A 30 minute walk takes you to the traditional Ionian village of Katomeri which offers a taste of 'real Greece' where you can buy fresh bread and provisions.
See the massive sea cave 70% down the west coast of Meganisi — leave someone on board to tend the yacht (you can rest your anchor on the boulders below, but it may get stuck in a crevice. Don't ask.) while the rest go in and explore by dinghy.
Atoko island (or Atokos island), sitting virtually in the centre of the southern Ionian inland sea is a popular stop between Kastos or Kalamos and Ithaca. With two popular anchorages for lunch time stops and swimming - Cliff Bay and One House Bay. Atoko is a privately owned uninhabited island and the only human structure is a church at One House Bay which is clearly visible from the beach.
The water surrounding Atoko island is tranquil, turquoise and crystal clear - perfect for snorkeling and the land is covered in dense green vegetation. Serenely beautiful Atokos island is a perfect spot for whiling away a sunny afternoon but its not a place to anchor overnight.
Kastos & Kalamos Islands
Small islands with several quiet bays and several quiet anchorages for the more ingenious sailor. The ports have a simple taverna or two, and offer peace and quiet.
The peaceful Ionian island of Kalamos has a serene anchorage at the uninhabited village of Port Leone where the silence is broken only by goat bells from the hillside and the lapping of the water on the hull. Venture ashore to explore the fascinating remains of the old village. Kalamos town has a few Greek tavernas and a mini-market for provisioning.
This island is one of the quieter places to visit whilst on your yacht charter holiday in the Southern Ionian, and possibly one of the highest you’ll go to. The peak of the island is 750m above sea level making it easy to spot next to its neighbour Kastos, which is nearly all flat.
Kalamos is also a great place for dolphins! Bottlenose dolphins and Common dolphins regularly spend their time around these shores, an even larger bottlenose dolphin community can be found at nearby Amvrakikos gulf. Despite their name Common dolphins are not that common at all in this part of the world. Kalamos has been identified as an area of high conservation importance for these dolphins.
Episkopi is a pretty, traditional little Greek harbour on the north side of the Ionian island of Kalamos with only a couple of spaces for sailing yachts skippered by experienced and confident sailors. If you fancy going ashore why not anchor off in light winds and use your dinghy to go in on the small finger pontoon or the pretty stretch of beach. Episkopi is also an ideal swimming spot.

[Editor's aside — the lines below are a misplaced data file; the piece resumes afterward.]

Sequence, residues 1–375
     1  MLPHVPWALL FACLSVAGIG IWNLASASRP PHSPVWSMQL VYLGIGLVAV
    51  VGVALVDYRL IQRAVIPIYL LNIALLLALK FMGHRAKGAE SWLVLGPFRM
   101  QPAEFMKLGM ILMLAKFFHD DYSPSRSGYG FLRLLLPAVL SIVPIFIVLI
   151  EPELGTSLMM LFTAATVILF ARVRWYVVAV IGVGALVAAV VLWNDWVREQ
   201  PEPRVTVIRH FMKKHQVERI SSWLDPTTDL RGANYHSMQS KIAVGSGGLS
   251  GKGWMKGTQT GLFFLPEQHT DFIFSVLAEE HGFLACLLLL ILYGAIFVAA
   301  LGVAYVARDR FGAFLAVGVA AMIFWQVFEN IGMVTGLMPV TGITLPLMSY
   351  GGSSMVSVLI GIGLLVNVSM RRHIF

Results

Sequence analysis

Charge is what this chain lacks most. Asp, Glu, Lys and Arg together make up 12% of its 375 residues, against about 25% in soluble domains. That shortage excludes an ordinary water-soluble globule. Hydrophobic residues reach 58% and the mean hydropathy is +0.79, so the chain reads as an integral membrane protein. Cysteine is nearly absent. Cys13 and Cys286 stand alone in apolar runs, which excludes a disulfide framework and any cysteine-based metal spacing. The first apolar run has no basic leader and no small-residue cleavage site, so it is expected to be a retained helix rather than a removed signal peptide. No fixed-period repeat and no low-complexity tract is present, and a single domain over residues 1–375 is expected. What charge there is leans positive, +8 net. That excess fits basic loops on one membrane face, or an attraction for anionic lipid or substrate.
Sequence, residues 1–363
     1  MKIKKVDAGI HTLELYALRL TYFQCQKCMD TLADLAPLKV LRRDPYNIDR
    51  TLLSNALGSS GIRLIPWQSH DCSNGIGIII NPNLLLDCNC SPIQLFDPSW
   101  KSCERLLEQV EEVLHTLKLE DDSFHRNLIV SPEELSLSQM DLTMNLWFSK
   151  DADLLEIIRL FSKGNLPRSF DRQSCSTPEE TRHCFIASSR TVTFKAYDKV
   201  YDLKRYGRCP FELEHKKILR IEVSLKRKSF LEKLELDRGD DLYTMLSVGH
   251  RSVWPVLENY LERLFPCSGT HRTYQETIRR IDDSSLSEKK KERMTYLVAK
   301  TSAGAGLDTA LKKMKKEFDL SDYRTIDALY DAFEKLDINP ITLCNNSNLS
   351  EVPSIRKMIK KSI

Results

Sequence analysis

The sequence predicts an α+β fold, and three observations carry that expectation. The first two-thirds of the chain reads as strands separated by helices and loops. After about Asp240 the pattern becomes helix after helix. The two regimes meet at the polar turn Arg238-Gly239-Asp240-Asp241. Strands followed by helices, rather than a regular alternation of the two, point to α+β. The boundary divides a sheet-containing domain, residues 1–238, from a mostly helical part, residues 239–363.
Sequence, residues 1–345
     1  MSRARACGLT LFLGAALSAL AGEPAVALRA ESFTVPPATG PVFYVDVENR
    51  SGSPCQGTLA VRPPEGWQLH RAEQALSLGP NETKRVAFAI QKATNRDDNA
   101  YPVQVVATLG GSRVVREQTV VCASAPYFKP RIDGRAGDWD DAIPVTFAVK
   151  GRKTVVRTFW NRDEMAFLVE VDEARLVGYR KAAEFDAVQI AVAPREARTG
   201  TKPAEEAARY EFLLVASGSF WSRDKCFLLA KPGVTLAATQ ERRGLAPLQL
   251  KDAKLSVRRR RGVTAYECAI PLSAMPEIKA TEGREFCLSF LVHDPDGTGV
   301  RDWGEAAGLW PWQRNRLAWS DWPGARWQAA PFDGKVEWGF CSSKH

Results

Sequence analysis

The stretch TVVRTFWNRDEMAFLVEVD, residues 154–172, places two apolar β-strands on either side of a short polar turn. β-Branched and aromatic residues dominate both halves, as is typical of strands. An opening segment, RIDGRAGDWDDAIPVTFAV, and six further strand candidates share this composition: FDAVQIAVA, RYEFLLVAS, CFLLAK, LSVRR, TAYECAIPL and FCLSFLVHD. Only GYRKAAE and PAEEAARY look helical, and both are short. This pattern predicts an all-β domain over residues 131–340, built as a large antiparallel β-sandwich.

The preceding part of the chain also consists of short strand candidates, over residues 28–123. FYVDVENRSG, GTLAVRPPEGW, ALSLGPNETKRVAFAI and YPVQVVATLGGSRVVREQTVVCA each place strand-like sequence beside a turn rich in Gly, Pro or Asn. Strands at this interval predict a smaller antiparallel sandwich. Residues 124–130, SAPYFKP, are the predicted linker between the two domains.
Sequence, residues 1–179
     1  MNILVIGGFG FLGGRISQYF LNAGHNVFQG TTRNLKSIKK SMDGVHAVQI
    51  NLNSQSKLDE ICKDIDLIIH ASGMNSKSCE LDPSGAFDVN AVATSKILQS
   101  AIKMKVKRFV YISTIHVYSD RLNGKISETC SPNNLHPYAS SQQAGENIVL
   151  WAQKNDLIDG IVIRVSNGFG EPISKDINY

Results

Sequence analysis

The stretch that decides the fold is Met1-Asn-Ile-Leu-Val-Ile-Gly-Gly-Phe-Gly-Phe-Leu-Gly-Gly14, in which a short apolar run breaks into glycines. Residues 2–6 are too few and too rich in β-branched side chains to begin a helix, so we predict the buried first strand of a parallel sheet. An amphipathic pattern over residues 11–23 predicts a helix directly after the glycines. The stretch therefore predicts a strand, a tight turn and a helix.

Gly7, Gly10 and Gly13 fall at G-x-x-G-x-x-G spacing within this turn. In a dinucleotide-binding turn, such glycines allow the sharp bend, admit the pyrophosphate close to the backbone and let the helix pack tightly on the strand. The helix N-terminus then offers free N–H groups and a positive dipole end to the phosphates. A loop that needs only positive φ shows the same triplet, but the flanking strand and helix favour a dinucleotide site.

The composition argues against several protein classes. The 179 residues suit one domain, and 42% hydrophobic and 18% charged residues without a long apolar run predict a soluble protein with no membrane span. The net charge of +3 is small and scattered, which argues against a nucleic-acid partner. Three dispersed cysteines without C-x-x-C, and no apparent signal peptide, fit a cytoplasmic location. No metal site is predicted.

Kalamos Town, Kalamos
The main port on the small Ionian island of Kalamos is a really pretty place. The port and centre has a couple of shops and a few lovely tavernas and bars. Tavernas are found both in the harbour itself and a short walk along the beach. There are also a number of Greek bars just a short (uphill) walk from the town square. The harbour attracts lots of visiting sailing yachts on their yacht charter holidays and George the local ‘harbour master’ will always do his best to get you moored up - he also has a great taverna!
Port Leone, Kalamos
Port Leone (to use it's Venetian name) or Kefali in Greek is a large bay on the south side of Kalamos island and a ‘must visit place’ if you are in the area on your yacht charter holiday - even if you just have a look around the bay from your yacht. Port Leone is ideal for a lunch time or overnight stop, a swim and a walk ashore to see the beautiful small church which is still in use. The evening is idyllic and a time when you can truly appreciate Port Leone’s unique poignancy.
The small Greek Ionian village of Port Leone or Kefali has some interesting history behind it which is explained in Greek yacht charter guide books and Ionian pilot books for the sailing area.
Port Kastos, Kastos
This is popular spot so you may need to arrive early for a good berth. Be prepared to anchor with a shore line within the harbour on the shoreward side. There is a reasonable bay in which to anchor just north of the harbour. Watch out for a projecting reef dividing this bay from the next one further north.
Quiet and tranquil the beautiful southern Ionian island of Kastos has a very small population and only one village. A really beautiful setting with excellent swimming and snorkeling it is fast developing to cater for the large number of sailing yachts that pass through on their yacht charter holidays during the summer months to see the beautiful views from the windmill on the cliffs edge.
There are a few Greek tavernas and restaurants where you can enjoy some excellent food. There is a shop as well as a small range of facilities for visitors. Port Kastos is a very scenic port and definitely worth a visit whilst on an Ionian yacht charter holiday. The bays to the south of port Kastos are also lovely and many are suitable for overnight mooring. Spend the day relaxing in a bay on Kastos on your yacht and you are almost guaranteed to find one to yourselves.
If you come across a group of dolphins while sailing Ionian waters, please follow a very basic code of conduct to minimize the potential disturbance that your presence might cause to the animals.